Set Up “Work Hour” for the Whole Family
Establish a dedicated work hour, where everyone in the family sits together and quietly works. If possible, have it be at the same time every weekday evening (you can set an alarm to help take some of the negotiation out of it). While the kids do their homework, do your own work of the non-digital variety—sorting through mail, signing papers, writing thank you notes, journaling, drafting that novel in your head or making your to-do list for the next day.
The secret to successful day-to-day time management is identifying “production time”—the time that is set aside to work. Too often, students struggle to successfully juggle all the activities in their lives. Things that aren’t particularly fun may get lost during a busy week. By identifying a “work hour” as a family, you can send a message that production time is as much a part of the week as having dinner or movie night, and students will be that much more productive.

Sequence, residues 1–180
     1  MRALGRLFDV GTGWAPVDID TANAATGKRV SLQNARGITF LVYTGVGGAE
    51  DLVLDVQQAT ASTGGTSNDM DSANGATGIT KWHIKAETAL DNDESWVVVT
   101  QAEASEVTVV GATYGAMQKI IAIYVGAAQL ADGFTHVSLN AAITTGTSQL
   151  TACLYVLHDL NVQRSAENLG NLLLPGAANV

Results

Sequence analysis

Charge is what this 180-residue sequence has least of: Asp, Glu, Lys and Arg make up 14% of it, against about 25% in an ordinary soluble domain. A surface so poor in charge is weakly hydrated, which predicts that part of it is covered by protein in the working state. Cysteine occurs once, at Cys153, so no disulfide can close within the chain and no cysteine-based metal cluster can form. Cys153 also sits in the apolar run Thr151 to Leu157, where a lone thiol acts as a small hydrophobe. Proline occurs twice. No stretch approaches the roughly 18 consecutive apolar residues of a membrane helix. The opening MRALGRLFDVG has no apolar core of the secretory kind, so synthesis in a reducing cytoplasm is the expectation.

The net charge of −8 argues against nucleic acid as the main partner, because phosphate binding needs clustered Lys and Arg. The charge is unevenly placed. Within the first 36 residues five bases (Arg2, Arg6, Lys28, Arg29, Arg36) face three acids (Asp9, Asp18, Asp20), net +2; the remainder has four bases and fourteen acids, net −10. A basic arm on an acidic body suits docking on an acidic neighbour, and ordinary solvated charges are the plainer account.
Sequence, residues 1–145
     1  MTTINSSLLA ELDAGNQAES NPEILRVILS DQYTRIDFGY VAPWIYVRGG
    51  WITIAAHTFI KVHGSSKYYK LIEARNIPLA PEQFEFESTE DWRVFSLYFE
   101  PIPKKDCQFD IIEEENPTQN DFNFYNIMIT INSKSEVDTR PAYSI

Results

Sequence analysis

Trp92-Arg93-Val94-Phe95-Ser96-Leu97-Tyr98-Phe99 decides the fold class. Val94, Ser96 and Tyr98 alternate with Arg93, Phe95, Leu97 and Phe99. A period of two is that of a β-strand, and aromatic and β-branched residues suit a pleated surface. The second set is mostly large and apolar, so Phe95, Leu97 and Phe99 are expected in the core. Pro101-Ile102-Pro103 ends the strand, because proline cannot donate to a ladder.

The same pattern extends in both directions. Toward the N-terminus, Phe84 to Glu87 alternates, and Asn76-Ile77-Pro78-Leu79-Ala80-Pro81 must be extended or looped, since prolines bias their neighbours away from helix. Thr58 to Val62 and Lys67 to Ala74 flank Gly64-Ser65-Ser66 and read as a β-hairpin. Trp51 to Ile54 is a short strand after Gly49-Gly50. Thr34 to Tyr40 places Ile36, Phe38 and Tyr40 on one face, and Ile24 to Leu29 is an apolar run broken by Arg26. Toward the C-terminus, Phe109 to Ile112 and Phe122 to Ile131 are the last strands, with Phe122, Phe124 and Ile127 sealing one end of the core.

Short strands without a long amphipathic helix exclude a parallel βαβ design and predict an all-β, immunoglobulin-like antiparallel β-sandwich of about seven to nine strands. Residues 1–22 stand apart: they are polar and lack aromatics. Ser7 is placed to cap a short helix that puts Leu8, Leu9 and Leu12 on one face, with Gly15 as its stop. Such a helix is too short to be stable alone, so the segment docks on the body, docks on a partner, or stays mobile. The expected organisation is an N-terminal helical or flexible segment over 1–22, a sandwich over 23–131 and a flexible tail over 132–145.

Let Your Kid Be Batman
As in literally let your child wear a superhero cape. A study found that while performing a repetitive task, four- and six-year-olds who pretended to be a familiar character such as Batman persevered significantly longer than those who remained themselves. The reason has to do with something called self-distancing. When kids embody a persona that is separate from their own, it helps them “transcend the urgencies of a situation and take on a more distanced perspective,” the report says. While Petey may want to crumble under the challenge of three-digit addition, Batman will surely not.
In my own life, I adapted this technique when I got too old to wear a cape. I shifted to dressing up in fancy “adult” clothes. This new sophisticated adult version of myself would of course have no problem handling something as simple as homework! And when I had a lot of typing to do, I often painted my nails because typing was more fun when my nails looked pretty! By encouraging students to literally take on a more confident persona, they will be more likely to persist and work through challenging tasks.
Have you tried any of these hacks with your students or children? Do you have any of your own hacks to share? Let us know in the comments!
- Elizabeth Ross, M.A., SMARTS Media Manager